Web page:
An evergreen, deer proof, ranch rose that would give quail and other wildlife a place to hide under is needed. Hedgerows are sorely missed by a lot of critters these days. R. bracteata, was brought to Texas for this purpose, but unfortunately, it spread via seed and is now an unwanted, nearly indestructible invasive.

Baxter
Rosa bracteata is tempting and puzzling. 'Alba Odorata' makes a fine climbing plant: healthy leaves and loads of buds. Alas, the blooms do not open well in Santa Clara, CA. That's where I saw it.
http://bulbnrose.x10.mx/Roses/Rose_Pict ... orata.html

Then there is 'Mermaid'. Wow! Always gorgeous, healthy and free blooming. As a ground-cover, it holds its flowers up. As a climber, it hangs down enough to bring some blooms into reach. It's very impressive.
http://bulbnrose.x10.mx/Roses/Rose_Pict ... rmaid.html

So, here is my question: How can these plants be such vigorous climbers? HelpMeFind describes the species as, "Height of up to 8' (up to 245 cm). Width of up to 8' (up to 245 cm)." 'Mermaid beats that hands down.

I think the everblooming habit of R. bracteata is of a different character (i.e., different genes) than the everblooming habit of the Tea/China group. The China-type blooming habit (flowering at the tip of each growth) appears to be recessive to the Bracteata-type. Thus, 'Mermaid' reverts to the climbing habit of its Gigantea ancestry, while gaining that Bracteata-type rebloom.

Much the same thing happens with the Noisettes. For instance, 'Marechal Niel' climbs and reblooms like a Noisette, while being heterozygous for China-type rebloom. 'Souv. de Pierre Notting' [Maréchal Niel x Maman Cochet] and 'Virginia' [Safrano x Maréchal Niel], for example, are classified as Teas because of their growth habits. Other offspring have been reblooming climbers.

Soupert and Notting (1896) wrote of their cross, Maréchal Niel x Madame Chédanne Guinoisseau: "... in April 1893 we were surprised to see that a hip was developing admirably and gave us five beautiful seeds in November, two of which sprouted after a fortnight. One gave birth to a sarmentose plant like the rose-mother, the other to a dwarf stocky shrub as the rose-father Madame Chédanne Guinoisseau."

Moore took the Bracteata hybrids into a second generation, at least. I have not seen his 'Muriel' [R. bracteata x Guinée], but I think I have pictures of a massively armed Bracteata-Moss. I'll have to check.
Karl
ps: I checked. What I photographed as an unnamed Bracteata-Moss is probably Moore's 'Fakir's Delight'. I have pics of buds, but no flowers. Just a vague recollection that the flowers were yellowish.
http://bulbnrose.x10.mx/Roses/Rose_Pict ... light.html

Some of Moore's others to consider, just to see how Bracteata combines with various cultivars.
Fakir's Delight (Little Darling x Lemon Delight) x (Seedling x Out of Yesteryear)
Muriel (Rosa bracteata x Guinée)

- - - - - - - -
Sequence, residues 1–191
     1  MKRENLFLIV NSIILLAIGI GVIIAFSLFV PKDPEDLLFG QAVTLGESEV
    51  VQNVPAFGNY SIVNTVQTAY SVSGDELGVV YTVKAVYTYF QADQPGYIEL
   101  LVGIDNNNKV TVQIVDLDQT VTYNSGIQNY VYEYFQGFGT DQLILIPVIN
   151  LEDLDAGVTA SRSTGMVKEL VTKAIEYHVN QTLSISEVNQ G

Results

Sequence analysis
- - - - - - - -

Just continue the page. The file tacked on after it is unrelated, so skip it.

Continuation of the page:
Out of Yesteryear (Sequoia Gold x Muriel)
Out of the Night (Yellow Jewel × Out of Yesteryear)
Precious Dream (Orangeade x Out of Yesteryear)

Lens provided a couple of attractive selections. I prefer 'White Surprise' because the leaves are a bit glossier and have a golden sparkle that provides a nice background for the gleaming white flowers. 'Pink Surprise' might be more appealing if the flowers were not so pale.
White Surprise (R. bracteata x R. rugosa rubra)
Pink Surprise (R. bracteata x R. rugosa 'La Rosée')

The Bracteata-Rugosa hybrids are vigorous, but don't sprawl like 'Mermaid'. There are other Rugosa hybrids that might be tried, such as 'Schneezwerg', 'Belle Poitevine', 'Germanica', 'Hansa'.

RBaxter
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Re: R. bracteata x Carefree Copper

Post: # 68321Post RBaxter
Sun Sep 16, 2018 2:43 am

Down here where bracteata is invasive it's not truly remontant. It has a late starting, fairly long blooming period, with a continual scattering of blooms afterward. Every bloom seems to make a hip, so I suppose if someone was brave enough to continually deadhead one it might be a true repeater. As alien as it is to the rest of the roses, whatever remontancy it has, could well be from a different pathway.

I'm amazed that anyone has gone past F1 with it. I'll settle for sterile and hopefully non-running F1 crosses if I'm lucky.

It is an evil monster.

Here is a photo for scale of the one I pollinated this year. Its base is at her feet.

bracteata.jpg
Katy TX Zone 9A

Karl K
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Re: R. bracteata x Carefree Copper

Post: # 68333Post Karl K
Wed Sep 19, 2018 12:28 am

RBaxter wrote:
Sun Sep 16, 2018 2:43 am
I'm amazed that anyone has gone past F1 with it. I'll settle for sterile and hopefully non-running F1 crosses if I'm lucky.
I haven't seen the species, only a few of the hybrids. I suppose some folks are hoping to "crack" Bracteata so that a few desirable traits can be shaken loose and slipped into garden hybrids. Hope springs eternal.
Karl